“I love watching porn as much as the next guy but you get a certain type of inferiority if you watch it too much. Porn makes you think sex should last a loooong time but realistically, a session (not including foreplay) would normally last 20 minutes or so. Any longer than that, I’m gonna be worn out and yes even my girlfriend prefers a shorter session so we can go back to just hanging out.” Azri, 24, Student. 

4. Finances – Being the only provider or breadwinner in the family

Remember how men were always viewed as the family breadwinner? Then feminism came along and women weren’t solely relying on men for finances. However, in Malaysia, chivalry or at least the expectation of it still isn’t dead as we realized that a lot of girls still expect the man to “pay first”. 

“When I got my first girlfriend, I was expected to pay for everything. Our dates, gifts, even when I just accompanied her shopping. It was hard because I was still in school and working at a job that only paid me RM5 an hour. If I couldn’t pay, she wouldn’t get angry but remarks would slip out. Then I met my current girlfriend who loves going Dutch and well, I think that’s the way it should be.” Nazim, 27, Employed. 

“I grew up in an old-fashioned family where the men were expected to work and the women were expected to stay at home & take care of the family. There were many financial issues growing up which could have been avoided if my mom was allowed to work. Even now my sisters aren’t allowed to get part-time jobs but the moment I turned 18, I was the only one pressured to. My relatives always advised me that “working women” aren’t suitable candidates for marriage. Uhm yeah, if you live in the Dark Ages. Lee, 19, Student.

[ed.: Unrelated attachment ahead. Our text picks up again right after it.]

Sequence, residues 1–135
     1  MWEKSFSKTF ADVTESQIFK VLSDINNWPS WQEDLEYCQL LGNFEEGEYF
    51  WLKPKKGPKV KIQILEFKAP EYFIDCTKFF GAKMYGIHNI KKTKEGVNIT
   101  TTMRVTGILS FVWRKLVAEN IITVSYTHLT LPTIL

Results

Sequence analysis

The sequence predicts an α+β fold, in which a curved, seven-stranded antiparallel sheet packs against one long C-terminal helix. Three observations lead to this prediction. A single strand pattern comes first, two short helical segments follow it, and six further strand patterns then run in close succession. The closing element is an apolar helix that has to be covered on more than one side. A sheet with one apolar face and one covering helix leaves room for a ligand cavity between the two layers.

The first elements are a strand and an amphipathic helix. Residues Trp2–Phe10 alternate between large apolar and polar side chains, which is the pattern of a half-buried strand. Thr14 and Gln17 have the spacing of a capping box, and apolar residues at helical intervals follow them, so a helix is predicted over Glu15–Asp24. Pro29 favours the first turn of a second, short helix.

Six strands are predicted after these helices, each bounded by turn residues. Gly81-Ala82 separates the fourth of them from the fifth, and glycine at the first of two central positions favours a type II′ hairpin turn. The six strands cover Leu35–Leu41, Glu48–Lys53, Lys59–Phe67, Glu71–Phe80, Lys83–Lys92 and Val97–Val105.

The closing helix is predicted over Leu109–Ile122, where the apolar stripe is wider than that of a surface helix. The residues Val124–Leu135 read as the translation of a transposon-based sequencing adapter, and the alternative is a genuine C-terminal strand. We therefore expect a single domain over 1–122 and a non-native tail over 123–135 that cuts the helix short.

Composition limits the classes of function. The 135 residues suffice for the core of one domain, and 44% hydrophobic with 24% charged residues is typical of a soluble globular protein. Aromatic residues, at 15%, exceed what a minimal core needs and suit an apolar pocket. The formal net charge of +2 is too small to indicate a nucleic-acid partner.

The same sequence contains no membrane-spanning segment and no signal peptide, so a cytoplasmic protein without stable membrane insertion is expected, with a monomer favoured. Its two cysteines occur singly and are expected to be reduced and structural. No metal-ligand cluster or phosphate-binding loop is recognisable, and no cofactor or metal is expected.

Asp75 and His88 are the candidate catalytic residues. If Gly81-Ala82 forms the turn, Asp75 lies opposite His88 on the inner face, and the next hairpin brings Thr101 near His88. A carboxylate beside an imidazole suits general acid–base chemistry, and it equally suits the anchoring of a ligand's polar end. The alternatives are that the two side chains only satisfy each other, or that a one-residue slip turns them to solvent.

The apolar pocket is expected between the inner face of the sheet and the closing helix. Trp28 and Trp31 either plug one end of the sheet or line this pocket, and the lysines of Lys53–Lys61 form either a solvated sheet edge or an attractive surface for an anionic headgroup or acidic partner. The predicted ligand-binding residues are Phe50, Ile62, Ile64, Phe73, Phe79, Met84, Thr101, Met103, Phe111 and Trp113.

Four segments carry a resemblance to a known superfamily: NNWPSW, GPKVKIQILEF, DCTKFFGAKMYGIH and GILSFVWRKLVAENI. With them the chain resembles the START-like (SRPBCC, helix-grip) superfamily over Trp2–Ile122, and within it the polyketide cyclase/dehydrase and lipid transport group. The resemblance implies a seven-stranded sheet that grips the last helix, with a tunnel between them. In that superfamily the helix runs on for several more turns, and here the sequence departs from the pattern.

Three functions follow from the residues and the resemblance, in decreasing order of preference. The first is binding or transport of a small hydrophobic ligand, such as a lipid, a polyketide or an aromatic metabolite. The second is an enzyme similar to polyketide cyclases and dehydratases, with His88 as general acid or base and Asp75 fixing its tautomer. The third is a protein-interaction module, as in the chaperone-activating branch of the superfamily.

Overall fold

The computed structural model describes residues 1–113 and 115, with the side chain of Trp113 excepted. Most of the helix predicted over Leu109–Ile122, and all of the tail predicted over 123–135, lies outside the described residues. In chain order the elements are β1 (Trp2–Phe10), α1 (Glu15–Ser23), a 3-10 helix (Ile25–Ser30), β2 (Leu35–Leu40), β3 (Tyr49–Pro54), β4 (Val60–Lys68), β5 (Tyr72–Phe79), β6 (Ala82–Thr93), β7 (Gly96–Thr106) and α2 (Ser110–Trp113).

5. Emotions – Men are told to not have any feelings

As stated earlier, being a man means “manning up” and being an emotionless robot. This hinders a lot of men to form meaningful intimate relationships out of fear of being seen weak or “a pussy”. WRONG. Embrace your emotions and you’ll soon realize how better communication is, not just with your partners but with everyone around you. 

“Typical boy stuff growing up, never allowed to cry or never allowed to be “too” emotional unless it was anger or whatever emotion is considered manly. This caused lots of issues in my relationships, I never allowed myself to be fully vulnerable. I’ve learned since then, it’s weaker to avoid emotions.” Nazim, 27, Employed. 

“Years of suppressing my emotions led to a very angry self. I ignored it at first but when it started being directed to my loved ones, that was the beginning of a very long self-reflecting process. I kinda still get angry at myself for being emotional but I definitely accept it more.” Daniel, 35, Employed.

Many of these insecurities & issues are kept in the dark by men themselves. Fortunately, they’re not bad things at all – in fact admitting you have insecurities is just admitting you’re human. So, let’s embrace our insecurities, regardless of gender and start breaking down stereotypes that men have nothing to be insecure/worried about! 

Continue reading more of our Taboo Series articles here!

Katricia Lum
Katricia Lum
Will write for iced blacks and Panadols. Also if I'm not hunched over my laptop trying to meet deadlines, I'm most definitely sleeping.